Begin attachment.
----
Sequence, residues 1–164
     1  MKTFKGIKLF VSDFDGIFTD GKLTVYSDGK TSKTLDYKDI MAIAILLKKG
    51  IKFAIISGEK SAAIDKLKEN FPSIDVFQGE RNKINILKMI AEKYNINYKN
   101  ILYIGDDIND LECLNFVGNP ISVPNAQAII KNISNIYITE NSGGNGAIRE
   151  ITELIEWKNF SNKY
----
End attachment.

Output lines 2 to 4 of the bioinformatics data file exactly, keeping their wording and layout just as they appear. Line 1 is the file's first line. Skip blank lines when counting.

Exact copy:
     1  MKTFKGIKLF VSDFDGIFTD GKLTVYSDGK TSKTLDYKDI MAIAILLKKG
    51  IKFAIISGEK SAAIDKLKEN FPSIDVFQGE RNKINILKMI AEKYNINYKN
   101  ILYIGDDIND LECLNFVGNP ISVPNAQAII KNISNIYITE NSGGNGAIRE